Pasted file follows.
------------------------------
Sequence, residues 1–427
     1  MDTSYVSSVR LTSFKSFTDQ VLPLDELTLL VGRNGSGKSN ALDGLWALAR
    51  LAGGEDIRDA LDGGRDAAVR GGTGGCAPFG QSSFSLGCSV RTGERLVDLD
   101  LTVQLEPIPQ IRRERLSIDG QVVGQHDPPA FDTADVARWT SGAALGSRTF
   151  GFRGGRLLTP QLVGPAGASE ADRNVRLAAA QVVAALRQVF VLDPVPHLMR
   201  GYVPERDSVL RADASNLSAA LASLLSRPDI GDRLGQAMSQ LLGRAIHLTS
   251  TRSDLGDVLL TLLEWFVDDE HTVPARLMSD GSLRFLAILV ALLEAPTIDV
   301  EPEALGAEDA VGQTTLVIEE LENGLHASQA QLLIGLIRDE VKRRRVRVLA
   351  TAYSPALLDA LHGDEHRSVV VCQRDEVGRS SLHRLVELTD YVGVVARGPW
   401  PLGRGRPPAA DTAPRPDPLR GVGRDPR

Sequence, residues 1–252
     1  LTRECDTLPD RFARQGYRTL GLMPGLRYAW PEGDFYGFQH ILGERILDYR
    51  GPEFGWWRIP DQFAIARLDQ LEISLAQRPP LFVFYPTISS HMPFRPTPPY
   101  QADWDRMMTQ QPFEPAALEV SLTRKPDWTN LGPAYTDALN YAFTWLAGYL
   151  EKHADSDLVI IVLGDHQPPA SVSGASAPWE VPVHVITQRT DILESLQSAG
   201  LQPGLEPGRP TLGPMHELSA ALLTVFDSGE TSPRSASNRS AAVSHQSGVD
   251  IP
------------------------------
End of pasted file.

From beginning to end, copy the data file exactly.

Sequence, residues 1–427
     1  MDTSYVSSVR LTSFKSFTDQ VLPLDELTLL VGRNGSGKSN ALDGLWALAR
    51  LAGGEDIRDA LDGGRDAAVR GGTGGCAPFG QSSFSLGCSV RTGERLVDLD
   101  LTVQLEPIPQ IRRERLSIDG QVVGQHDPPA FDTADVARWT SGAALGSRTF
   151  GFRGGRLLTP QLVGPAGASE ADRNVRLAAA QVVAALRQVF VLDPVPHLMR
   201  GYVPERDSVL RADASNLSAA LASLLSRPDI GDRLGQAMSQ LLGRAIHLTS
   251  TRSDLGDVLL TLLEWFVDDE HTVPARLMSD GSLRFLAILV ALLEAPTIDV
   301  EPEALGAEDA VGQTTLVIEE LENGLHASQA QLLIGLIRDE VKRRRVRVLA
   351  TAYSPALLDA LHGDEHRSVV VCQRDEVGRS SLHRLVELTD YVGVVARGPW
   401  PLGRGRPPAA DTAPRPDPLR GVGRDPR

Sequence, residues 1–252
     1  LTRECDTLPD RFARQGYRTL GLMPGLRYAW PEGDFYGFQH ILGERILDYR
    51  GPEFGWWRIP DQFAIARLDQ LEISLAQRPP LFVFYPTISS HMPFRPTPPY
   101  QADWDRMMTQ QPFEPAALEV SLTRKPDWTN LGPAYTDALN YAFTWLAGYL
   151  EKHADSDLVI IVLGDHQPPA SVSGASAPWE VPVHVITQRT DILESLQSAG
   201  LQPGLEPGRP TLGPMHELSA ALLTVFDSGE TSPRSASNRS AAVSHQSGVD
   251  IP